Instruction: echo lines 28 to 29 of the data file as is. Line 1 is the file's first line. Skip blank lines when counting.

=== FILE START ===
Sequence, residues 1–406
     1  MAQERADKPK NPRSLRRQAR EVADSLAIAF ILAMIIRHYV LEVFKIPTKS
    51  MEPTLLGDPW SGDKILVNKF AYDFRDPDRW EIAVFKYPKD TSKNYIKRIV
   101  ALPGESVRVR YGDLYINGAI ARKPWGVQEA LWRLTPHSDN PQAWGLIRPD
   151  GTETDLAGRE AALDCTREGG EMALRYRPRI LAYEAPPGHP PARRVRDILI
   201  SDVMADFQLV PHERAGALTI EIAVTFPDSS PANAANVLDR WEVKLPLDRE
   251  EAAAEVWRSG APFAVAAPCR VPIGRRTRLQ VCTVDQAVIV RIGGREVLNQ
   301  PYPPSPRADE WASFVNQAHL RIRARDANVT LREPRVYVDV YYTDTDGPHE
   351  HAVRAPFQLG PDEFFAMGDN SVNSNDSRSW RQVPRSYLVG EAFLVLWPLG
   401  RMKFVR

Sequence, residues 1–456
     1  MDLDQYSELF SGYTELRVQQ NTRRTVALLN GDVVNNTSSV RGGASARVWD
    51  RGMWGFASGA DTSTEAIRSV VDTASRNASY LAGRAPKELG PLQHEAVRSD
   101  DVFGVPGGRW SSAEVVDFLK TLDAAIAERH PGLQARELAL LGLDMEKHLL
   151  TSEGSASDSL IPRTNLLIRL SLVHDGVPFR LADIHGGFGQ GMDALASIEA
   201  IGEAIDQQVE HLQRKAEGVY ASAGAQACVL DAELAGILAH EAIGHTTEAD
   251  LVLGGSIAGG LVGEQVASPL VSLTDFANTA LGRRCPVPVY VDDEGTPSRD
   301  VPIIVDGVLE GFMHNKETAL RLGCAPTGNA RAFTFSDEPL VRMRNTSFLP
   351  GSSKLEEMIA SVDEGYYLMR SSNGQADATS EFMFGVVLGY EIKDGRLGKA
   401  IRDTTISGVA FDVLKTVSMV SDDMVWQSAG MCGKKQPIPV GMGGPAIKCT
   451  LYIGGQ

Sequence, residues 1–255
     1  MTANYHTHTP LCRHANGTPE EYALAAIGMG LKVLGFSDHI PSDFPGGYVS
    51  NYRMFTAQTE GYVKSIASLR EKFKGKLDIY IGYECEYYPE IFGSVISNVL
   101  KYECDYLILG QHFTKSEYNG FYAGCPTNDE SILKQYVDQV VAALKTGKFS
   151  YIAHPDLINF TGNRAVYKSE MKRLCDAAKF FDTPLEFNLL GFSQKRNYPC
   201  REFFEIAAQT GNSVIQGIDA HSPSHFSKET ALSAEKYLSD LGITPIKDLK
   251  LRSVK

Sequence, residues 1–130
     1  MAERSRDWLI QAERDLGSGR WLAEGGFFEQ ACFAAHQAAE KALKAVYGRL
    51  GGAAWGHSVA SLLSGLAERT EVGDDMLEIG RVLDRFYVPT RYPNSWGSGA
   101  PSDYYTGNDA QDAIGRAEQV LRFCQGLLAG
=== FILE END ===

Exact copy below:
   251  LRSVK

Sequence, residues 1–130